Scott
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Scottl0413
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« Reply #11 on: June 19, 2013, 09:02:44 AM »

Well, after fighting cancer for most of last year and weather conditions hear in middle Tennessee we finally got a couple of days of great weather for trimming airplanes. Spend an hour last night in calm conditions trimming this beast. Very fast climb, goes where you point it. (pilot beware)!!! Glide was good but a little fast, will add a little weight to tail to see if I can flatten it out a little. Jim Jennings and his son James where at the field with me trimming a couple of E36's and his son's comments after seeing the pwr. pattern was "now that's a plane with an attitude"! Will se how it does at Muncie this weekend.

Scott
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Scottl0413
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« Reply #12 on: June 24, 2013, 02:03:13 PM »

Well took it to Muncie and test flying just before official timing took place everything was going great. The 7 grs. of weight I added to the tail to try and slow the glide down was a little too much because it ended up with a slight stall in the glide so took it off. Pwr. pattern was vertical with a slight right hand twist and as pretty of a role out as you can get. Was getting it ready for the first official flight and noticed the wing covering near the center dihedrahl was a little loose so checked out the dihedrahl joint and the glue joint had come loose!#$%^&* So put it away for another day and dragged out my back up and flew it, and it flew very good also. Good enough for second in A/B, C/D classic. I've already got it fixed and waiting for the NATS.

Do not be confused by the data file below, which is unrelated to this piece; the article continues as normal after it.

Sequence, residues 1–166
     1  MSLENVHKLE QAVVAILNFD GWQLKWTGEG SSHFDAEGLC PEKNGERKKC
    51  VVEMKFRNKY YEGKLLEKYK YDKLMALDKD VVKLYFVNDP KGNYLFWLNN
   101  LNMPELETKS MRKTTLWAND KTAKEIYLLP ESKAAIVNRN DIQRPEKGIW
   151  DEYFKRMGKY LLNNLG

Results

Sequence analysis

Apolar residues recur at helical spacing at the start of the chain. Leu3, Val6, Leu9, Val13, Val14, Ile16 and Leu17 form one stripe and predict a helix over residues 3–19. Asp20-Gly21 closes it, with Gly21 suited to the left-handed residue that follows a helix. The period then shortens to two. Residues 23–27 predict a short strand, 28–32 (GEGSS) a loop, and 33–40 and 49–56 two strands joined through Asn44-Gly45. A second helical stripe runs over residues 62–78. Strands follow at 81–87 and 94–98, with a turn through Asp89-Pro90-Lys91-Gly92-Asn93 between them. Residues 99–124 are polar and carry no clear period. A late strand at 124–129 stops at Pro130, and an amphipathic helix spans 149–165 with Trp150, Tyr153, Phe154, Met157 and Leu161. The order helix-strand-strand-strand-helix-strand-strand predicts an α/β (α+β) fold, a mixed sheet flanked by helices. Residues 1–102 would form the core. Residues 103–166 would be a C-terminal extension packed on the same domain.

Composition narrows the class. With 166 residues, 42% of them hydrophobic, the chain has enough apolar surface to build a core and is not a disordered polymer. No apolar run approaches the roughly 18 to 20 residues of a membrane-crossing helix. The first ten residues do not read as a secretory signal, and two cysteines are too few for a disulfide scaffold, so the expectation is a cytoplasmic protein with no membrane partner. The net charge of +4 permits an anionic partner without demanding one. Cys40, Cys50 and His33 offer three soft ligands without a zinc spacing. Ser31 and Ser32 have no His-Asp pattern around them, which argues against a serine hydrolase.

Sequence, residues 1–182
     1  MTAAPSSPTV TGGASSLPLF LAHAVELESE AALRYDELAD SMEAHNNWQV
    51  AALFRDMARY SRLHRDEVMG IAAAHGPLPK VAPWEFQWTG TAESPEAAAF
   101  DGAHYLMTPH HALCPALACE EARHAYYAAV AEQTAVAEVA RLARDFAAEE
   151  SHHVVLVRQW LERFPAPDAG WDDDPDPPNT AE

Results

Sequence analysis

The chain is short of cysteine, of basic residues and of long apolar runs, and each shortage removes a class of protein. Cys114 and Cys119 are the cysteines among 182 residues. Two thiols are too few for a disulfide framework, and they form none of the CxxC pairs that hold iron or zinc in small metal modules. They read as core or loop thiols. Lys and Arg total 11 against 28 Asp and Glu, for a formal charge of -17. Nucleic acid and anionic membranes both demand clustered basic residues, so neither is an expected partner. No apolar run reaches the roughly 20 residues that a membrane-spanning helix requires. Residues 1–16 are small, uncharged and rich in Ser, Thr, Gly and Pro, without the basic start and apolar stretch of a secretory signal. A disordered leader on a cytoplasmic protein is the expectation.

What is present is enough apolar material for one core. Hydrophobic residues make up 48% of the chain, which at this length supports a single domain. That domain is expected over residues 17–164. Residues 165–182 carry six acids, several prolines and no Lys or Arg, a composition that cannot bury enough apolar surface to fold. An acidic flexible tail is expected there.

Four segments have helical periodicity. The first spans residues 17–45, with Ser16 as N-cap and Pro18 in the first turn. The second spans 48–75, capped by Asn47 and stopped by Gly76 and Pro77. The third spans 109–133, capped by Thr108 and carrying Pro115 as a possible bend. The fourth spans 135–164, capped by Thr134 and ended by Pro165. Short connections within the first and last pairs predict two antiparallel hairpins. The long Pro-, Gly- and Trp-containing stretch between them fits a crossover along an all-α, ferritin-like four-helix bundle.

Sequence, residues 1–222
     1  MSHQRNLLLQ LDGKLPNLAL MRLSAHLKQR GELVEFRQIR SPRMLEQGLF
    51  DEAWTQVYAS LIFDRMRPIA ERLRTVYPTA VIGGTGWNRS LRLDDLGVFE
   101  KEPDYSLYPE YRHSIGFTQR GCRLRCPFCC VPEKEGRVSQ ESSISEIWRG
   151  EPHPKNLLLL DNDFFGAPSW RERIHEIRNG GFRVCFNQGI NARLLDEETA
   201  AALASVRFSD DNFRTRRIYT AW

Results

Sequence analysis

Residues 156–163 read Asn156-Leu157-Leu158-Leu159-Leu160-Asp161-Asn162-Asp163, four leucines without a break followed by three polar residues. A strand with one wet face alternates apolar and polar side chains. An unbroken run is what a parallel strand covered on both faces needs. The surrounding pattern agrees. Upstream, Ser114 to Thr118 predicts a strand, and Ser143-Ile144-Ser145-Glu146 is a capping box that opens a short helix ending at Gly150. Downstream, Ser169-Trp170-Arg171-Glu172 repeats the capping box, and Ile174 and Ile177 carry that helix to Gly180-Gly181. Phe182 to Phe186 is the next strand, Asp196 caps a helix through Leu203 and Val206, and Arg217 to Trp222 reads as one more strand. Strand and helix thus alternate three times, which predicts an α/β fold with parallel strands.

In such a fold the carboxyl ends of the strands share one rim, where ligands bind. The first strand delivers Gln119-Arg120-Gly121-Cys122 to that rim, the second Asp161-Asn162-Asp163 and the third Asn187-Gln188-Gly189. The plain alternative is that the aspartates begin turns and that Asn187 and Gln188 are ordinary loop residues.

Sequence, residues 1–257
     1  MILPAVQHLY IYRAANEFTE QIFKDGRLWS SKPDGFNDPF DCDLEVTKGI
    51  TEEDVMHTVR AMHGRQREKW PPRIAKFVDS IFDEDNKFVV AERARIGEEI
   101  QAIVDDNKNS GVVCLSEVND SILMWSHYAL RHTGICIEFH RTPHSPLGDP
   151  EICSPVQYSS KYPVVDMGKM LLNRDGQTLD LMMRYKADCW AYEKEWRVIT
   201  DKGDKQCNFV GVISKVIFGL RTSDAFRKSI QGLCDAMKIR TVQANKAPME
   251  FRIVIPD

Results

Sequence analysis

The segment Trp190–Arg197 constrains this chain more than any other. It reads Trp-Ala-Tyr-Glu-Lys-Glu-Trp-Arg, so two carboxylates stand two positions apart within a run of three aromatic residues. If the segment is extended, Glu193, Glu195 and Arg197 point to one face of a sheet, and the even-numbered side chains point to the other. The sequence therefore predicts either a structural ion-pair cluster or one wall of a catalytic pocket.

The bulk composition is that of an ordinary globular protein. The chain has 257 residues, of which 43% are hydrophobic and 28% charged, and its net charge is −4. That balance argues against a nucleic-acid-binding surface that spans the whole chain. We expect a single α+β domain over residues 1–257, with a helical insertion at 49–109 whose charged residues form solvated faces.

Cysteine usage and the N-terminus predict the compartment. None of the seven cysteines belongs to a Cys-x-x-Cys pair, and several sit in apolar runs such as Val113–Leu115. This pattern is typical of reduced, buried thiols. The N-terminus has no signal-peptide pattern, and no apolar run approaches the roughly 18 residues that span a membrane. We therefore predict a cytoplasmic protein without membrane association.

Scott